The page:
Income is not profit, so given that a social enterprise is generally licensed as a not-for-profit, it is clear that, in such cases, income and expenditure should match yuan for yuan, or dollar for dollar, in fulfilling the stated social objective. In theory, total income and outgoings just need to balance at the end of the day – or year – with the real focus on what has been achieved in helping people or protecting the environment.
In reality, though, all sorts of practicalities and tactical considerations enter the equation and must be dealt with in concrete ways. Running a social enterprise is not just about raising money to help others. It also involves making financial, management and HR decisions – and getting them right. For example, should an individual employee be expected to pay for dinner, drinks, or a taxi when meeting someone outside the office – or are those expenses borne by the organisation? The policy has to be clear, agreed and consistent. Everyone needs to know which costs are part of operating the business and where the line should be drawn to ensure the maximum still goes to the intended cause or recipients.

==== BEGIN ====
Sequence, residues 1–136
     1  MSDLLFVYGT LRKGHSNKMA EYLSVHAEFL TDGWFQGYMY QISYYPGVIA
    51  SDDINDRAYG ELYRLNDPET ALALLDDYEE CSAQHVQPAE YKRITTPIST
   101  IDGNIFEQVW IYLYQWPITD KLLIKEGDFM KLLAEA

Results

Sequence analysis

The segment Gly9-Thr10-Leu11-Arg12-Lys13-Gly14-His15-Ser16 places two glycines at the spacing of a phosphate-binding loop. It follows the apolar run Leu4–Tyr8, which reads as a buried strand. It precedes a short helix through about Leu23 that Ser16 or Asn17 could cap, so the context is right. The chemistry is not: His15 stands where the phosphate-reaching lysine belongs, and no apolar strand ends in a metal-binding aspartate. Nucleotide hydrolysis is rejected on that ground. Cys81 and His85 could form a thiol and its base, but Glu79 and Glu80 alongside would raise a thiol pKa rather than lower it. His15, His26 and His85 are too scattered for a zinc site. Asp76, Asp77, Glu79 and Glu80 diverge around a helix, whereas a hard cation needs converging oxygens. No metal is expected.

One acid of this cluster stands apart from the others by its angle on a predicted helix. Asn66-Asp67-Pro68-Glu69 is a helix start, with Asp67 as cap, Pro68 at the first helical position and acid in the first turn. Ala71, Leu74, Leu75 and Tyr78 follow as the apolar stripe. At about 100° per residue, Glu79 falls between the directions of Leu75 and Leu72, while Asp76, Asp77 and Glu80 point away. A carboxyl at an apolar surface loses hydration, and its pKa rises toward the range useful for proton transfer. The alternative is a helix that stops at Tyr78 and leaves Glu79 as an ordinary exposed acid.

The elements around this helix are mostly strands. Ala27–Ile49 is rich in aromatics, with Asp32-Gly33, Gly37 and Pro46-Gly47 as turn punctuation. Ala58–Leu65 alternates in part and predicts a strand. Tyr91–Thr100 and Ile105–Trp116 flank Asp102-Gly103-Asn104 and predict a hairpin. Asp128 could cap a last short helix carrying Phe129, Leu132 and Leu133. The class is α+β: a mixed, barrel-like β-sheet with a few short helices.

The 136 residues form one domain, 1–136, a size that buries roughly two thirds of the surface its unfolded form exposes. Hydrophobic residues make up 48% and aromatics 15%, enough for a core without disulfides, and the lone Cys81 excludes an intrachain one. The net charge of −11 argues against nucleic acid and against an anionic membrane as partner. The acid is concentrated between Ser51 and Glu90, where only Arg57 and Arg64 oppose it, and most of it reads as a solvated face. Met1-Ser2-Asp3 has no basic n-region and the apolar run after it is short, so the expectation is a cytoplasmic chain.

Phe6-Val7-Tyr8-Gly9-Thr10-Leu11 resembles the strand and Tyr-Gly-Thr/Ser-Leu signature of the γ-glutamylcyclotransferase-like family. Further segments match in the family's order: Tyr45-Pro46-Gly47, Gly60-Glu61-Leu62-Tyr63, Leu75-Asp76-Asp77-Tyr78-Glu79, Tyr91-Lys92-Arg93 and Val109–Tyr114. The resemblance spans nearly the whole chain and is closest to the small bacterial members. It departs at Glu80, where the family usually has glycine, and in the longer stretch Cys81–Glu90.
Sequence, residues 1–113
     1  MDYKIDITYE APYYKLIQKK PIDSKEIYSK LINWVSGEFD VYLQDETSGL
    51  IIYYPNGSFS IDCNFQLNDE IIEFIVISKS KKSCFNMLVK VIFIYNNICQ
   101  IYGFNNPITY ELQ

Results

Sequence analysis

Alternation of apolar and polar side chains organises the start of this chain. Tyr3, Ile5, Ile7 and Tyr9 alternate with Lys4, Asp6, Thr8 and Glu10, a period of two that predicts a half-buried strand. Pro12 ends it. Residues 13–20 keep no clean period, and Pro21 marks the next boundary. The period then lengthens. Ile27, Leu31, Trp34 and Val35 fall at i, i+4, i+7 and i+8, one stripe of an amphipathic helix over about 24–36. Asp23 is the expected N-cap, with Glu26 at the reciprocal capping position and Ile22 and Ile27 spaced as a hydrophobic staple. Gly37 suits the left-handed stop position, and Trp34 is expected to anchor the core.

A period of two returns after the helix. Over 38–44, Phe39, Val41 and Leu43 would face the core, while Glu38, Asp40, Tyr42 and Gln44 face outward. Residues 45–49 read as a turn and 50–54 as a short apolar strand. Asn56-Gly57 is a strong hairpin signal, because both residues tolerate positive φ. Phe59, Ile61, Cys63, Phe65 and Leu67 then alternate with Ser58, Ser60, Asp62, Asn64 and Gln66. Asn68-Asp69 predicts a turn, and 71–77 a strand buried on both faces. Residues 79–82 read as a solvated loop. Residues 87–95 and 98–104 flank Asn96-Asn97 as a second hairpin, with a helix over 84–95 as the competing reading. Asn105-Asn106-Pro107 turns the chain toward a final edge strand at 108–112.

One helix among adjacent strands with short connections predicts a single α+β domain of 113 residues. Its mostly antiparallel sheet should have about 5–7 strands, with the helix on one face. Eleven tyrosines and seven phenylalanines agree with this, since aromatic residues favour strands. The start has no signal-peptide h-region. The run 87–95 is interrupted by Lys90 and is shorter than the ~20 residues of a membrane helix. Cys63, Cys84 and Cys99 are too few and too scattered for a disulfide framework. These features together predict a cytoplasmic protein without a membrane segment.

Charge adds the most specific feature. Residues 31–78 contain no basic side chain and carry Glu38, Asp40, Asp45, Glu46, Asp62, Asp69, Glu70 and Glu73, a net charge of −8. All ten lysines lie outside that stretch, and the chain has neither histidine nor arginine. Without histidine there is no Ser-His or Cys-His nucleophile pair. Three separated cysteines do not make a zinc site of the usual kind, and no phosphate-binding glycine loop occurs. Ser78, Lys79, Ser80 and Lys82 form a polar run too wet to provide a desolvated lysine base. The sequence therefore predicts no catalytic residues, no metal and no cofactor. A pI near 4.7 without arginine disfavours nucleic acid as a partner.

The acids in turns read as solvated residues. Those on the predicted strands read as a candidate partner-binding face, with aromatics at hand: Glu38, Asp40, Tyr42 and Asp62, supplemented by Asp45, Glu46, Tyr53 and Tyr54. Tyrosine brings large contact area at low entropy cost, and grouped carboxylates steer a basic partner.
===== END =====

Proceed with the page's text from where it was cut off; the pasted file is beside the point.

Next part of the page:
[Running a social enterprise] also involves making financial, management and HR decisions
Generally, transport to a meeting during office hours is clearly a cost to be paid by the organisation. But what if there is also a meal? If seeking support for the social enterprise from an investment banker, is it justifiable to book a table and pick up the tab at a five-star hotel restaurant? Would a potential donor be unwilling to eat somewhere more modest?
Therein lies the problem –and the need for a strategic business decision. A five-star meal may pay off many times over in the long run, but such habits could also easily lead to less complimentary talk of wasted money and mistaken priorities.
The right balance has to be struck to court donors, retain talent, and effectively accomplish the stated goals of the social enterprise. Doing that requires business skills, not just a social conscience.